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So did you get it right?

Did you get it right? This is an important question for new and seasoned traders to think about – but there is a problem with it. So you made your best risk assessment, decided your entry point and stop-loss and you entered the trade. What happens next?

Many a new trader would spend some time looking at price movement shortly after. There’s a ‘Yes!!‘ sort of feeling if early on price moves into positive equity – but there’s a scratching of the head associated with doubt, and ‘coulda-woulda-shoulda‘ if price moves against the entry position. Doubt sets in if it’s going ‘wrong‘. Many a trader – and I’ve been there – wonders, “Have I got it right?” Well, being right is a very nice feeling, especially as in this business being right means more dosh. It’s human – it’s what we are about.

Our hard-wired psychology favours positive ‘reward’. If we do something that brings a benefit and we feel good, our nature is to think we were right. So, there is a constant yearning for ‘reward’ and being ‘right’. But in this business we are engaging a system that will  prove us wrong about about 60-80% of the time (for new traders) and about 50-60% of the time for seasoned traders. If price moves against an entry position, the deepest recesses of our being takes hold of our minds and says (or feels), “Something is wrong!” Then another urge arises to, “Do something to correct the wrong.” Dealing with this is not easy – and this is about the thing they can’t teach you on a course. In fact nobody can give you the means to cope with any of this. ‘They’ may counsel, they may advise but that does not mean that you’re gonna get it.

Getting it ‘right’ and winning ‘a trade’ or a series of trades, leads us also to think/feel we have done something that we should repeat in the future. Plainly, this is our reward system bending our minds. Seasoned traders will know this trap. The reality is that a string of successes means very little.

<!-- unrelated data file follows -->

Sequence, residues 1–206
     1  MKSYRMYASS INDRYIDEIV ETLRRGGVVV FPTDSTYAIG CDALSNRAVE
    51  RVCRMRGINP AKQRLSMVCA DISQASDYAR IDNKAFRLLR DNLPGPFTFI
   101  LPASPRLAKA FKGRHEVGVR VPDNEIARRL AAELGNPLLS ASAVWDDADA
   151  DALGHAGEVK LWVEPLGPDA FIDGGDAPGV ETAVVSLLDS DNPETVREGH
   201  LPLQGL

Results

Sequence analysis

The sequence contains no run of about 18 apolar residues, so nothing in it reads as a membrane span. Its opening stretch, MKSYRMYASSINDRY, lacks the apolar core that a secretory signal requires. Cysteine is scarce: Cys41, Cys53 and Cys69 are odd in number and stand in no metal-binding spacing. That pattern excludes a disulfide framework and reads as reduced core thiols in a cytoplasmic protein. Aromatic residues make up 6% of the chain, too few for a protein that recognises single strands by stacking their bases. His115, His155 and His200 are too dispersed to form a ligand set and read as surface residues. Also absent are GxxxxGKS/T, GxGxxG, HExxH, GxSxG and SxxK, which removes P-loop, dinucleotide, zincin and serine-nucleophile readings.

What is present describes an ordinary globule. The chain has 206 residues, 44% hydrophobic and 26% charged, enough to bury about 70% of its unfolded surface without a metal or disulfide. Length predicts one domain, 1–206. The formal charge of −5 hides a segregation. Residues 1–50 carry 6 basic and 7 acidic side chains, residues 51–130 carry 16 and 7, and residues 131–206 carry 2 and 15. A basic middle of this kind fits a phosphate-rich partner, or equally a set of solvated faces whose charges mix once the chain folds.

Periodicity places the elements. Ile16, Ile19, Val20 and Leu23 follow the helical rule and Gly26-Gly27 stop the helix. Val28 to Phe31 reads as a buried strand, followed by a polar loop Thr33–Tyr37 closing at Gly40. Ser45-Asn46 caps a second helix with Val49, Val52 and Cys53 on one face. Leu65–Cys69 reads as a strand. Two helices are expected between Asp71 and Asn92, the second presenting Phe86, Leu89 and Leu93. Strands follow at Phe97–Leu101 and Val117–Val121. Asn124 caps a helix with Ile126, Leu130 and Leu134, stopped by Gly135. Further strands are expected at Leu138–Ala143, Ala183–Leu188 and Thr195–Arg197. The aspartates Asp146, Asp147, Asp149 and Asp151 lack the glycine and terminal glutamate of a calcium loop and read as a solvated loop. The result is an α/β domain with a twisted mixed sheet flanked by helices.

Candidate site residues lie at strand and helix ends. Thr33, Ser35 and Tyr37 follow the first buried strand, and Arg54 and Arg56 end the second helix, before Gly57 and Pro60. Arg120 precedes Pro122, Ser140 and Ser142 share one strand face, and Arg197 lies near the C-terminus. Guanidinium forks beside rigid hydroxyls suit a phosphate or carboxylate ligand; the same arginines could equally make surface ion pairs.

Expert traders come to their confidence after careful assessment of hundreds of trades, mathematical assessment by way of the ‘expectancy ratio’, and understanding their own percentage loss rate. The experts are hardly ever moved by being ‘right’ – or  ‘wrong’. Some say they’ve developed ‘nerves of steel‘. This is more about the ‘right’ mindset and a system of cognitive and behavioural operations, that overall produce positive gains over long periods of time.

Conclusions

  1. Skill in trading – the kind that makes for profitability – is not about getting it right.
  2. It is about managing the risk involved in getting it wrong, and any factor that leads us to not managing risk properly.
  3. Aiming to be right in this business is a recipe for failure.
  4. Know your enemies! Manage them.

DISCLAIMER:
The information provided herein is opinion only. Under no circumstances do any statements here represent a recommendation to buy or sell securities or make any kind of investment. You are responsible for your own due diligence. To summarise, we do not provide investment advice, nor do we make any claims or promises that any information here will lead to a profit, loss, or any other result. All materials are for educational purposes only. We are clear in our SYP.

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